Parents in Glasgow occupied yet another primary school this week; the latest in a series of school occupations which have taken place over the past year.
Taking action in response to proposals to close St. Matthew’s Primary School, five concerned parents barricaded themselves inside the school and announced their intention to remain there until their demands were met. Protests have also taken place at three other schools in the area set to close. These threatened closures are the most recent in a concerted campaign by councils across Greater Glasgow to shut of schools and nurseries.
In early 2009, Glasgow City Council announced plans to close at least 13 primary schools and 12 nurseries across the city. The consultations for these closures have been branded flimsy at best by angry parents who feel the decision had, in many cases, been finalized before the public consultation was even finished. Over the past year budget deficits have led to council cutbacks across Glasgow, with a £75 million shortfall in North Lanarkshire where St. Matthew’s is located. As the predicted cost of the 2014 Commonwealth Games soars to £454 million, it perhaps comes as no great surprise that the council is using the excuse of low pupil numbers and building disrepair to mask their attempts at cost-cutting.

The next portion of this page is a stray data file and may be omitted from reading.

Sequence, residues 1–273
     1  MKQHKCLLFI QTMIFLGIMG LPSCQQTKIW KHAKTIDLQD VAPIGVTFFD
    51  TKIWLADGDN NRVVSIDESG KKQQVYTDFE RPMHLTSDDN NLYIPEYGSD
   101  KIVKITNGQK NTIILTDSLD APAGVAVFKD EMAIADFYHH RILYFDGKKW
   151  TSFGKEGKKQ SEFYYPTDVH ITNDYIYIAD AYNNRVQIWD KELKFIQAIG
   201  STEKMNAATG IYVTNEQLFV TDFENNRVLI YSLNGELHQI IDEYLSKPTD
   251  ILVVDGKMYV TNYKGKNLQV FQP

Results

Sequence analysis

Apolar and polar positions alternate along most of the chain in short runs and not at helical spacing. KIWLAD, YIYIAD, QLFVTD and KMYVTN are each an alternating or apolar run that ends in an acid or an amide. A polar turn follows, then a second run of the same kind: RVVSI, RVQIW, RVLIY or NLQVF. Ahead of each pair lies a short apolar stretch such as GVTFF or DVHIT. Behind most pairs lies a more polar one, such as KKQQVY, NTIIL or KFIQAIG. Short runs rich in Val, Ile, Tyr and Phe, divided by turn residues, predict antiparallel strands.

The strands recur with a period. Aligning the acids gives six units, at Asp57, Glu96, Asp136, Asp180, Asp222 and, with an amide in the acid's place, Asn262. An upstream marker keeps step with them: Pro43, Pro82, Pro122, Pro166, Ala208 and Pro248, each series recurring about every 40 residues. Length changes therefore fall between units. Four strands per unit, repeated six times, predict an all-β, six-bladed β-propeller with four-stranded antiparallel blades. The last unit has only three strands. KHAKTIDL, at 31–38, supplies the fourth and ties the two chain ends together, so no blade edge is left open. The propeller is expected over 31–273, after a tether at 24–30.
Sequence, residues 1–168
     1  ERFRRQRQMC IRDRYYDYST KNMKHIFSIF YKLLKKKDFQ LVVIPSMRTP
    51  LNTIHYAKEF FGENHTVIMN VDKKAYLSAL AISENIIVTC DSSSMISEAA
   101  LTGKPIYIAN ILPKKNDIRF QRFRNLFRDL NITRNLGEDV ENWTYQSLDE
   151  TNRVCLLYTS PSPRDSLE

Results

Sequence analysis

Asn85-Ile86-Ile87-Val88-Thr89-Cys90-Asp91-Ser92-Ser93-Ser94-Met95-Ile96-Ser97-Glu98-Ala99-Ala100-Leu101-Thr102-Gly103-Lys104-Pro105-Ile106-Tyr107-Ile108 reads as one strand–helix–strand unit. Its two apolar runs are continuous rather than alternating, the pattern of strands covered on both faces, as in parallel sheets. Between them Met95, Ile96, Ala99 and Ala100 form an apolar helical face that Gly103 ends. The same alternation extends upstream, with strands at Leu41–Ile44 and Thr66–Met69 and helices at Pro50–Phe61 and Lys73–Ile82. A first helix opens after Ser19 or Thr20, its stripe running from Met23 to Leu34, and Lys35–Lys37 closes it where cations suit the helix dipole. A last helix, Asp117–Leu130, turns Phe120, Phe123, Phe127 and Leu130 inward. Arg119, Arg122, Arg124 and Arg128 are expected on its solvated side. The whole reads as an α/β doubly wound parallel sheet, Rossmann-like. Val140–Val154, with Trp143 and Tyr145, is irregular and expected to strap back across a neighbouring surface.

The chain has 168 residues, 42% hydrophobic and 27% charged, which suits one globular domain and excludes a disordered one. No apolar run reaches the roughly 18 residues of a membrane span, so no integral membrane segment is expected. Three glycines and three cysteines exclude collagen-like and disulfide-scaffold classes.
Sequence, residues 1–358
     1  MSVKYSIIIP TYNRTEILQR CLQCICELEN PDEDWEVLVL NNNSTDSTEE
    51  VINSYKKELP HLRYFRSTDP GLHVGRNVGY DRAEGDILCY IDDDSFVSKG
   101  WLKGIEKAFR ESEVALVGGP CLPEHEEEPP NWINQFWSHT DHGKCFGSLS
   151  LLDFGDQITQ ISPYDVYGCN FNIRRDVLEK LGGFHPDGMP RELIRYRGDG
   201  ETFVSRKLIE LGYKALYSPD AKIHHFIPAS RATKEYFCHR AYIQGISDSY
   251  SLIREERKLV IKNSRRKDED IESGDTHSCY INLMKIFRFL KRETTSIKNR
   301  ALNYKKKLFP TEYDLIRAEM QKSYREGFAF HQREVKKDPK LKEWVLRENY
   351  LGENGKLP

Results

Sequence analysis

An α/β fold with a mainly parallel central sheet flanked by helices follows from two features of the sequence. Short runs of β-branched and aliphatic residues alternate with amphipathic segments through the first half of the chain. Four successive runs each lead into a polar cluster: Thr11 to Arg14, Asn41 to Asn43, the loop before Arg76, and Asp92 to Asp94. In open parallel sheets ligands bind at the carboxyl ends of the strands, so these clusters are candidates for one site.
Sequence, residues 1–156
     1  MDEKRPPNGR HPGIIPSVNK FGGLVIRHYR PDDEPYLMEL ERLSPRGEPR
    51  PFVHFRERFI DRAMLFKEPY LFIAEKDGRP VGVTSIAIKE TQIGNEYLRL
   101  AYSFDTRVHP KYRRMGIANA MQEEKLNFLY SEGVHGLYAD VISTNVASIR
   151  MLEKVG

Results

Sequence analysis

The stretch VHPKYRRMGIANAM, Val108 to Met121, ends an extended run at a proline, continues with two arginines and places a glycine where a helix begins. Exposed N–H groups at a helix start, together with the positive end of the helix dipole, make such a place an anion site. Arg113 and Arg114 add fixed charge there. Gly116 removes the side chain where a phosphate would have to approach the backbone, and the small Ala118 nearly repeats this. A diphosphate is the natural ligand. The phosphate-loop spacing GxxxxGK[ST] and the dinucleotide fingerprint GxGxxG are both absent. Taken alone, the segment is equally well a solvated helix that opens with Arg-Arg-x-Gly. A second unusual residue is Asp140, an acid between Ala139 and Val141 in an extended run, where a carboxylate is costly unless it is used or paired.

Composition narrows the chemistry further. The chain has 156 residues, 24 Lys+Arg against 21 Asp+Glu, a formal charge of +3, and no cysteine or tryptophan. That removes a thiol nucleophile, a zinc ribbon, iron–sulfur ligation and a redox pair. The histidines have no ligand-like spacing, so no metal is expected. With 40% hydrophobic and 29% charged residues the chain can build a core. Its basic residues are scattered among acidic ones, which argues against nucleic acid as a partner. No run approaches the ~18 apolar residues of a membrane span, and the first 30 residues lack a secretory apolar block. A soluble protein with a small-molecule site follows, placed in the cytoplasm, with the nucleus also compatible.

Both Glasgow City Council and North Lanarkshire Council have responded to parents’ protests with threats and intimidation. During the Wyndford Primary occupation in early 2009, the school’s water and electricity was cut off after a council worker posing as a safety inspector gained entry. The protest was only able to continue thanks to donations of bottled water from local residents. In this latest occupation, the parents staging the sit-in at St. Matthew’s were threatened with the prospect of the pupils being sent to another school because two of the occupiers do not possess a Disclosure Scotland form.
The tactic of occupation now seems one which is more readily employed since the closures were announced, with a number of similar actions having taken place across the city over the past year. Various individual campaigns have been linked together under the ‘Save Our Schools’ banner and local parents have proved that they are unwilling to let these threats to their children’s future go ahead without a fight.